Akron, Ohio was founded in 1825 by Simon Perkins — a general of the Ohio militia who defended part of the state from British offenses in the War of 1812 — and Paul Williams, a westward settler from Connecticut.
Since then, the city has quietly been the site of several landmark events in American history.
The Goodyear Tire & Rubber Company was founded there in 1898. Abolitionist orator and feminist Sojourner Truth gave her “Ain’t I A Woman?” speech in Akron in 1851. The Akron School Law of 1847 played a major role in establishing unified school districts across the U.S. — although Black children were excluded from that pioneering idea’s vision of public education as a right.
One hundred thirty-seven years later, LeBron Raymone James was born at Akron’s general hospital to a 16-year-old Gloria Maria James.
The arc from there is one of the world’s greatest success stories. You’ve likely heard it before.
Teenage basketball phenomenon rises up against impossible odds, goes straight from St. Vincent-St. Mary High School to the NBA, signs a $90 million endorsement deal with Nike at 18 years old, delivers on the hype and becomes the league’s all-time leading scorer 20 years later, earning four MVP awards and four titles along the way.
He’s an investor in Beats by Dre, Lobos 1707 tequila, and Blaze Pizza. He has ownership stakes in the Boston Red Sox, Pittsburgh Penguins, Liverpool FC, and AC Milan. Nobody will be surprised if he winds up owning the NBA’s first Las Vegas franchise, as he’s said he wants to.
But before any of that, he was just a kid from Akron.
Akron is what America really looks like. We have the Empire State Building and the California mountains, but the 190,000-person town’s main thoroughfare Market Street, with its sprawling strip malls and gas stations, dry cleaners and fast food restaurants, is a true emblem of this country.
In a car on the way to the LeBron James Family Foundation office one morning in late March, the driver brings up the area’s most famous native apropos of nothing.
“People think I’m crazy for saying this,” he starts. “I’m not a big fan of LeBron. He runs his mouth too much. If he just stuck to playing and kept quiet, he’d be better.”
“You feel that way even with him being from around here?” I ask.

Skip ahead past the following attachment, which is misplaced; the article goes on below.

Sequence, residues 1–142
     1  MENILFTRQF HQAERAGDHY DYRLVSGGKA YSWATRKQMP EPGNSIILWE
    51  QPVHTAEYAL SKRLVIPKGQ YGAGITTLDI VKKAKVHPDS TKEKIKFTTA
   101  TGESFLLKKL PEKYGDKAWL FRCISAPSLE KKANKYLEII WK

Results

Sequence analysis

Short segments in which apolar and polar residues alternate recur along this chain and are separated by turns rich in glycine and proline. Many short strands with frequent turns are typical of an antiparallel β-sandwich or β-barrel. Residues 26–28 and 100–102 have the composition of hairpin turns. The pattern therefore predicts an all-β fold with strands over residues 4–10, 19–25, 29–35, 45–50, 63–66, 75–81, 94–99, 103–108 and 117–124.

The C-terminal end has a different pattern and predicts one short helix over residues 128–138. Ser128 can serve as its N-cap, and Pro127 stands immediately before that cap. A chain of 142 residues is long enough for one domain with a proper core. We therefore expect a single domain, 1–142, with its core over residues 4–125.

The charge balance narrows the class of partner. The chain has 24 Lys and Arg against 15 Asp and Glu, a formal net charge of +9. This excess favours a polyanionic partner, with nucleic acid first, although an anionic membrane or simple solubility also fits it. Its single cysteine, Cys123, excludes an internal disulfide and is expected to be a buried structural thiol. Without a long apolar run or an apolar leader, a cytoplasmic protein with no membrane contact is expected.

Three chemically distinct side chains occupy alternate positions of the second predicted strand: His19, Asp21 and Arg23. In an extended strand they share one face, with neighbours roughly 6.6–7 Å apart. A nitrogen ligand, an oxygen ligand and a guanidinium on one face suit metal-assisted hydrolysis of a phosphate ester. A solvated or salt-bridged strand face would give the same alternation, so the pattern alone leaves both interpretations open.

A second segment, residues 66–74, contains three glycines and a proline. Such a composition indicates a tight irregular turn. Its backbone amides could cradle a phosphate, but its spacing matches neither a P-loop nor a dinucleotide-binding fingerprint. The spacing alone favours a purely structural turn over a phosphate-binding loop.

“Even more so. He doesn’t know when to shut up.”
LeBron has been facing this type of rhetoric for years. In February 2018, Fox News host Laura Ingraham, in response to comments James made during an ESPN interview that were critical of President Donald Trump, told viewers “it’s always unwise to seek political advice from someone who gets paid $100 million a year to bounce a ball.”
Then the infamous line: “Shut up and dribble.”
LeBron wore a pair of Air Force 1s with “MORE THAN AN ATHLETE” written on the side to an All-Star Weekend press conference days later. “We will definitely not shut up and dribble,” he told reporters. “I mean too much to society, too much to the youth, too much to so many kids who feel like they don’t have a way out.”
He opened the I Promise School in Akron five months later.
More Than A School
“The school is based around making sure the students have opportunities that LeBron didn’t,” says Victoria McGee, director of the Family Resource Center at the I Promise School, her passion for the facilities and empathy for her students palpable in every interaction in the hallway.
Five years after opening, the school has become a catalyst for more development across Akron. Each successive I Promise project is aimed at addressing issues that a school alone can’t.
I Promise Village offers free transitional housing to families in the program who need it. I Promise Institute is an always-on resources center for I Promise students who earn scholarships to the University of Akron. I Promise Too help parents without a high school diploma earn their GED. Fifty units of affordable housing and a health center are under construction. The essential locations in this ecosystem are by design in close proximity to each other, in many cases walking distance.